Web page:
Andy Sneddon, CMUChippewas.com
MOUNT PLEASANT, Mich. – Nature or nurture? Generally, it’s a little bit of both.
For Tony Annese, it would seem he was destined to be where he is today, the linchpin of a Central Michigan defensive unit that appears solid-to-very-good on the eve of the 2016 season.
Annese, a 6-foot-1, 215-pound safety, recorded 84 tackles and two interceptions last season and is among the best at his position in the Mid-American Conference. He is on the preseason watch list for the Thorpe Award, which goes to the best defensive back in college football.
Best in college football? Let’s start first with best in his family. When it comes to the Anneses, that might be a tall order.
There is no RPI for football pedigree. If such a measurement existed, the Annese lineage would rank near the top. Football is in the family DNA, and it started with the family patriarch, the late Nick Annese, who was a legendary coach at Corunna High School in the 1960s and ’70s.
Nick and his wife Anne had four sons: Steve, Mike, Tony and Phil, the father of the Chippewas’ Tony. All four were standout high school football players at Corunna. Phil and Tony went on to play at Alma College in the early ’80s, and Steve earned three letters as a defensive back at Central Michigan from 1977-79, when the Chippewas went a combined 29-3-1 and won the first MAC championship in program history in ’79.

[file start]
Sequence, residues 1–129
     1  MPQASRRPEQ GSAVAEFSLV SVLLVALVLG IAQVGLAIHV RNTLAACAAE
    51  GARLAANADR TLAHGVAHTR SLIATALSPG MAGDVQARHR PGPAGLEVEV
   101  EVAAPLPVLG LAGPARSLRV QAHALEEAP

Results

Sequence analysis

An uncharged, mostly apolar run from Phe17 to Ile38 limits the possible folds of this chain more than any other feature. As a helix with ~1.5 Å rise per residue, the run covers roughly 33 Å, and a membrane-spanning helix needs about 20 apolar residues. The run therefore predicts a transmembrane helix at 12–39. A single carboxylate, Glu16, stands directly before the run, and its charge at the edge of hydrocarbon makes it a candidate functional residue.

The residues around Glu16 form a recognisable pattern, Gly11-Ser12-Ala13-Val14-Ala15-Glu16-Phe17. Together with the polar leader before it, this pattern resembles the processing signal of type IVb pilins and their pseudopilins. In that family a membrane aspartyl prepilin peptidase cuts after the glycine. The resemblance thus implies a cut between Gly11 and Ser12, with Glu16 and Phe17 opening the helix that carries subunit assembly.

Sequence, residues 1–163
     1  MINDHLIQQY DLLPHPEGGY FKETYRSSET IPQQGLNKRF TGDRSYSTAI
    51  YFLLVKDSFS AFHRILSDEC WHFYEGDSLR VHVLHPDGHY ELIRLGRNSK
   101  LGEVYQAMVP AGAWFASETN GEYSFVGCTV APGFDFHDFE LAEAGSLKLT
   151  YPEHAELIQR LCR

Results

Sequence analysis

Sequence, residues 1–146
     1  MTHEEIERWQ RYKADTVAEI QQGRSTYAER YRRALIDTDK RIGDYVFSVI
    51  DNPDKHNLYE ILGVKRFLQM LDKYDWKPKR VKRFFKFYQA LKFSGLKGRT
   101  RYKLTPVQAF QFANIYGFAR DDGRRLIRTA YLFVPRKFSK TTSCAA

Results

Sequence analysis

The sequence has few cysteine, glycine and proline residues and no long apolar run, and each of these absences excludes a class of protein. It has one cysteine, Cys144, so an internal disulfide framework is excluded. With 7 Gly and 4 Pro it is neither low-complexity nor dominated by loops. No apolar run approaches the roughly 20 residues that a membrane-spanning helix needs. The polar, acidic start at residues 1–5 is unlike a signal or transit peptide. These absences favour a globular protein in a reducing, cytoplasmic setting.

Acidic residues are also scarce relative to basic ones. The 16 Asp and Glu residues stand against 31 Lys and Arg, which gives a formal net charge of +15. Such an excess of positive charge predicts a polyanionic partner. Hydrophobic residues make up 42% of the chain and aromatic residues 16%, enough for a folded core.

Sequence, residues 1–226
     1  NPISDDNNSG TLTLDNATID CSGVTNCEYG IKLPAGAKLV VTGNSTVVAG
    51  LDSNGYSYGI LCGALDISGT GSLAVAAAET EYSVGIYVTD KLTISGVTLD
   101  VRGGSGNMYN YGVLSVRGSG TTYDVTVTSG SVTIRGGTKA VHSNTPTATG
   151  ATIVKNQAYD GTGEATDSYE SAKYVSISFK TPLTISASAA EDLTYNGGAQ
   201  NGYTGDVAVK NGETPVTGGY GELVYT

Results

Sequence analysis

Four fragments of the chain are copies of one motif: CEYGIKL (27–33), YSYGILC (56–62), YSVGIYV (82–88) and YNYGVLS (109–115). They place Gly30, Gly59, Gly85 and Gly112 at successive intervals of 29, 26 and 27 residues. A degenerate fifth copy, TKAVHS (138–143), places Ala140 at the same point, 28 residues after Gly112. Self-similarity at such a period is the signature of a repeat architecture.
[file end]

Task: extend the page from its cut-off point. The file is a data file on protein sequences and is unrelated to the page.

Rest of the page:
That generation of Annese boys – they are separated by just four years – stoked their competitive fires with each other while growing up in Corunna, and it didn’t end with the onset of adulthood.
“Every Thanksgiving, until I was in my mid 40s, we’d play road football outside our mom’s house in Corunna,” said Phil, 54, a logistics manager for an automotive supplier. “We had to quit when my brother, Steve, almost hung himself on a mailbox. He was out cold.
“We all played football, basketball and baseball. Most of the Annese family games ended in near fistfights. Every game was a war. Maybe that’s why Tony has that edge.”
Tony Annese, who moved into the starting lineup at CMU late in his freshman season, and his brother Phil, older by 15 months, were cut from the same cloth. And, typical of brothers, they were best of friends, worst of enemies, quite often in the same day.
The brothers Annese, just like their dad and uncles, “were always competing,” said Tony, who has the word “family” tattooed on his right biceps, just below a tat in the likeness of the Virgin Mary. “We were always going at it – basketball, football. He made me a better person, he made me a better player because I was always playing ‘up.’ We’d always go one-on-one. We must have played a thousand games of basketball.
“We really got after each other, and I looked up to him a lot and we looked out for each other, too. I have a really close relationship with him.”